“From an FNB perspective we do not look at number of bureau enquiries pertaining to home loans as a key determinant of a credit score,” she says. “The handful of credit bureau enquires associated with a bond application will have no effect, however  a consistent trend indicating that a consumer is taking on multiple loans could influence the outcome of a credit application.”

Not all bureaus will see you the same

In other words, the banks don’t see it as a negative if you shop around for a bond. A number of credit bureaus approached by Moneyweb also took the same line, although with a caveat:

“Each credit bureau and each credit provider that has their own in-house score will score consumers using their own criteria,” says Michelle Dickens, the MD of TPN. “It’s not a one size fits all. As a result there will be a higher weighting towards different aspects of data that will improve or decline the ultimate overall score.”

Anything from a tax free account

Last month Intellidex released research that showed that a total of R2.57 billion had been invested in tax-free savings accounts (TFSAs) in the first 12 months that they were available. A total of 262 493 accounts were opened over this period, showing that there has been fair uptake of these new products.

The study also noted that an estimated 21% of these accounts were opened by first time savers. The initiative has therefore had some success in encouraging South Africans to save.

While this was a positive picture, there was an area of concern. That is that 59% of all TFSAs were opened at banks and the majority of the investments were held in cash.

The problem with this is that it will take years for investors to see any advantage from a TFSA if they are only using it to make a bank deposit. This is because tax payers already receive an interest exemption every year.

Currently this exemption is R23 800 for anyone under the age of 65, and R34 500 for anyone 65 or older. Any tax payer would have to earn interest above that threshold to pay any tax on it.

The best rates currently available on bank deposits in TFSAs are around 9%. So for anyone under the age of 65 to earn more than R23 800 a year in interest and therefore benefit from a TFSA, they would need to have R265 000 in their account.

Since you can only invest R30 000 into a TFSA every year, it would take a minimum of around six and a half years to build up that amount, even accounting for compound interest. It is therefore fair to assume that most people who have opened TFSAs at banks are actually not seeing any benefit from them.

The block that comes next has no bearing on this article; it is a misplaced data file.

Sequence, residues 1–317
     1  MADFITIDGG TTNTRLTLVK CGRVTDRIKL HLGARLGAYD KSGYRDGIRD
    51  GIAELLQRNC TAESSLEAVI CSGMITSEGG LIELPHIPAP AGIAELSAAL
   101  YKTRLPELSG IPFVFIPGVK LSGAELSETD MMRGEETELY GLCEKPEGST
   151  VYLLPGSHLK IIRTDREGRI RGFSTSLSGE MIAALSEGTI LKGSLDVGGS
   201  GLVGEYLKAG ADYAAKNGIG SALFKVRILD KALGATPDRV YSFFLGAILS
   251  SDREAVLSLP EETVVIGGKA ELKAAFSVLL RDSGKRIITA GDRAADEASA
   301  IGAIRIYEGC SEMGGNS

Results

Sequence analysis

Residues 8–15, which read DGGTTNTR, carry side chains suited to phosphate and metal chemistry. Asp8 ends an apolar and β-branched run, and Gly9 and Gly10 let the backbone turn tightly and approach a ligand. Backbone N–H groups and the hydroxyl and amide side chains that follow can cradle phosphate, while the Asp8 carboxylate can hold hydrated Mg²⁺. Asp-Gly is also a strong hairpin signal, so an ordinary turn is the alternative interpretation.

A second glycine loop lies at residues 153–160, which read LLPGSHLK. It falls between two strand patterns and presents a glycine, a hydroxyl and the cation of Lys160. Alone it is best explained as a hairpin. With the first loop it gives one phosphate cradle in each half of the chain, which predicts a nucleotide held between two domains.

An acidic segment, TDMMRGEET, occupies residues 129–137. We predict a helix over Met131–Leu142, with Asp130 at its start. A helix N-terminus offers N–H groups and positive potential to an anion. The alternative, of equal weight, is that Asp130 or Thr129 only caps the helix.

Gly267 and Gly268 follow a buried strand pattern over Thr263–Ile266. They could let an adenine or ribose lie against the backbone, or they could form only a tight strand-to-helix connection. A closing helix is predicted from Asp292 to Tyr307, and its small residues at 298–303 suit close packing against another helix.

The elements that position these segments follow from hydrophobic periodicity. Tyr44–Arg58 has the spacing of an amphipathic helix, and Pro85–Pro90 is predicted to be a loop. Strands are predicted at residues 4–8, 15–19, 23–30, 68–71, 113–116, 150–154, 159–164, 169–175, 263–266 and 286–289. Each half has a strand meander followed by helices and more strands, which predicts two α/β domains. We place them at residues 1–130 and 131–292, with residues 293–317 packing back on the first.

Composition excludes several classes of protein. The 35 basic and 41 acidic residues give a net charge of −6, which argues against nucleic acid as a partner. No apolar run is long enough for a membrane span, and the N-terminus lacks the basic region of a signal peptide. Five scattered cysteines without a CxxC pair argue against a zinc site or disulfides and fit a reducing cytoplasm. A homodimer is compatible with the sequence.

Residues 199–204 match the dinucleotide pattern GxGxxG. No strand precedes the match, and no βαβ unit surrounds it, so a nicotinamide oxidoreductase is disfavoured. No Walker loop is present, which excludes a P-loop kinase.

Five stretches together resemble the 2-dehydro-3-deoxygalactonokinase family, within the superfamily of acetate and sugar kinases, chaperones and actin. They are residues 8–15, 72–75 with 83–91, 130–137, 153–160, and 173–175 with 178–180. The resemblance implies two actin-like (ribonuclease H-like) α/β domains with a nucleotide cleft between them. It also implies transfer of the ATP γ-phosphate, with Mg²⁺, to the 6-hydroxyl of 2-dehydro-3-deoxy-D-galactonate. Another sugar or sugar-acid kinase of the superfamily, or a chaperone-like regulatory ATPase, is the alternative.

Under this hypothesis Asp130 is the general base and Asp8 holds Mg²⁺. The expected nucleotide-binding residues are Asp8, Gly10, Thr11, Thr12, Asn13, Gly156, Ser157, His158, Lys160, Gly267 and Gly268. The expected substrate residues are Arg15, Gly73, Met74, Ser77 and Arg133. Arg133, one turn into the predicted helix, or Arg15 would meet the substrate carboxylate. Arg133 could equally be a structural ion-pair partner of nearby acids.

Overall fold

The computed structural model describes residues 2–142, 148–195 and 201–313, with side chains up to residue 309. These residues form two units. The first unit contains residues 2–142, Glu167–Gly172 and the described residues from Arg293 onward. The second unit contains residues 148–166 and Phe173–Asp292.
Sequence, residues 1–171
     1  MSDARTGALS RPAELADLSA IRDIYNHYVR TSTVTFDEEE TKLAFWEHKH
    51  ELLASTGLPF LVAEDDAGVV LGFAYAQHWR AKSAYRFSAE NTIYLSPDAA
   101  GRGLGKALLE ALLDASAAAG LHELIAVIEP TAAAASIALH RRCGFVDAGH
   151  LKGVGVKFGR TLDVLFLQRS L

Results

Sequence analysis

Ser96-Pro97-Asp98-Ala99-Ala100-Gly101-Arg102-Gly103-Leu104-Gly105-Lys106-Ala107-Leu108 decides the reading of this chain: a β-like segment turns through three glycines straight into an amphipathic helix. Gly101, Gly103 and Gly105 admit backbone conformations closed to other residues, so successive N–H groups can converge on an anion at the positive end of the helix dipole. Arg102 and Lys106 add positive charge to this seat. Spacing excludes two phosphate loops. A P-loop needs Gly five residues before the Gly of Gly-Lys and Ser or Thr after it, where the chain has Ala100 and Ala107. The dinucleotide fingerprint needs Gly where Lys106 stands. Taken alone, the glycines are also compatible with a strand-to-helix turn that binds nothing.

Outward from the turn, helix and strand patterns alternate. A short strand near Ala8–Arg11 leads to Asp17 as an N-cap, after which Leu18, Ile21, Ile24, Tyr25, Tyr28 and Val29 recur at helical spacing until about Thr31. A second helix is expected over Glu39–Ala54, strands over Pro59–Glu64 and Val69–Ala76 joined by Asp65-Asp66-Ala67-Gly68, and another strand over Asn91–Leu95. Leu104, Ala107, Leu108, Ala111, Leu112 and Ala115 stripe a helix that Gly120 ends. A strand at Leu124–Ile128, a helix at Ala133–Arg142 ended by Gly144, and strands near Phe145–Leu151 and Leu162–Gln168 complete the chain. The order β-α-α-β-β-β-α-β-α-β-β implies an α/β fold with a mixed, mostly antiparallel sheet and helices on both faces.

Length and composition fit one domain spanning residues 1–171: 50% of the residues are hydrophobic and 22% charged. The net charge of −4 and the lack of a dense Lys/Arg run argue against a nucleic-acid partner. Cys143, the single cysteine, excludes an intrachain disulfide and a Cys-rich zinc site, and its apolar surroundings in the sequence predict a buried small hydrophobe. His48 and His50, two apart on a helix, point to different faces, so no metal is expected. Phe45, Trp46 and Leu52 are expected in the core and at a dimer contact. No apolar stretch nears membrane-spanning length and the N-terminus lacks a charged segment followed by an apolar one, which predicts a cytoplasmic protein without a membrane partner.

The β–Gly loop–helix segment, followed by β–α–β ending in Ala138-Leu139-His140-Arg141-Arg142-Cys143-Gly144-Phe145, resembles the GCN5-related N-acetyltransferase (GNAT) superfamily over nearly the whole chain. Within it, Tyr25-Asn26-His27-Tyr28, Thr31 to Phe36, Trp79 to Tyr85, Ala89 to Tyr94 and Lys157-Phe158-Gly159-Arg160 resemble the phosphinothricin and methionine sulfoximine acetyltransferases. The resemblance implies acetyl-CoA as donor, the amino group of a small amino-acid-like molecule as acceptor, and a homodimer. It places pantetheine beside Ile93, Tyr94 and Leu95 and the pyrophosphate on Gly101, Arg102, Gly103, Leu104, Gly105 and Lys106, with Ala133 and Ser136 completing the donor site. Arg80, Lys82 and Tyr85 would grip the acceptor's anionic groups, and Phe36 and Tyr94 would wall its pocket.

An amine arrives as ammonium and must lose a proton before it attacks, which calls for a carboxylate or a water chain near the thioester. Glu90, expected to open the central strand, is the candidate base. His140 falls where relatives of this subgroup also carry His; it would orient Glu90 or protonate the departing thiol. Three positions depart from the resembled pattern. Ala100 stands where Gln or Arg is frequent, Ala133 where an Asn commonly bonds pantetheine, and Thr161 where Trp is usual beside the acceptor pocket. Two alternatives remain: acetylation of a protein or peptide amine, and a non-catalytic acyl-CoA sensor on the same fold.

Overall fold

Are you paying too much in bank charges

In South Africa’s somewhat peculiar banking system, monthly charges for transactional accounts are a given. But is the few hundred rand you’re paying per month (if you’re lucky!) the best possible deal?

The first question you need to answer is whether you value having a ‘platinum’ or ‘private clients’ account with all the “value-adds” these offer?

Things like lounge access, bundled credit cards and a ‘personal’ banker are must-haves for some in the upper middle market. On the other end of the scale are basic, no-frills bank accounts (like Capitec’s Global One (and the clones from the other major banks)), but the truth is that most people need something a little more comprehensive than that. There’s likely a home loan, almost certainly vehicle finance and definitely a credit card.

So, do you need a ‘platinum’ (Premier/Prestige/Savvy Bundle)-type account? Do you actually use or need those value-adds? Or, do you enjoy the ‘status’ of having a platinum or black credit card? (Here, emotion – and ego – comes into the equation….)

This is an important question to answer, because the difference in bank charges between a more vanilla bundle account and ‘platinum’ is easily 50%!

While banks try to shoehorn you into product categories based on your salary or profession, there’s nothing stopping you from moving to another product (or refusing those ‘upgrades’). From a personal perspective, the only reason I have an FNB Premier (i.e. platinum) account (not gold) is because I do actually make use of the ‘free’, albeit diminishing, Slow Lounge access. And, the eBucks rewards I earn on this account are the most lucrative of the lot, based on the products I use, my transaction habits and spending patterns. (‘Upgrading’ to Private Clients is a mugs game because the thresholds for ‘earning’ rewards are significantly higher, to match one’s status and earnings, of course!)

Once you’ve answered this question – which is more important than most people realise – the next step is to figure out whether a bundled account or pay-as-you-transact one makes the most sense. Most of us enjoy not having to ‘worry’, so we readily sign up for the all-in-one package without actually understanding the differences in pricing.